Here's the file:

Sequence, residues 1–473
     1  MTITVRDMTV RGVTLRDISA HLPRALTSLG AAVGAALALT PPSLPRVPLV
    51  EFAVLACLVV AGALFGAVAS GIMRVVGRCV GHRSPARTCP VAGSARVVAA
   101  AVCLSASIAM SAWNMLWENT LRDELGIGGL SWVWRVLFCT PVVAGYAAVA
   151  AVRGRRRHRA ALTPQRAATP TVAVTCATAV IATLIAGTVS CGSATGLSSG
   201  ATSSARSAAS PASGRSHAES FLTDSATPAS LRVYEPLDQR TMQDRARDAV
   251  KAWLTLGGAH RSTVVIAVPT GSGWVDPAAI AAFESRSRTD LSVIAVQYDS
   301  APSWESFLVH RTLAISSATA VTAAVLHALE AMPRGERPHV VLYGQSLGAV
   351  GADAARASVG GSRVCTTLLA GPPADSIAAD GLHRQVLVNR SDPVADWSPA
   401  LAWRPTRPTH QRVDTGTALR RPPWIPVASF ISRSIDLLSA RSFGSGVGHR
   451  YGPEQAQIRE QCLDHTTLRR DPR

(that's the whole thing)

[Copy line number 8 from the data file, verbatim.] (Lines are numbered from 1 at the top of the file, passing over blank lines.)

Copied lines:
   301  APSWESFLVH RTLAISSATA VTAAVLHALE AMPRGERPHV VLYGQSLGAV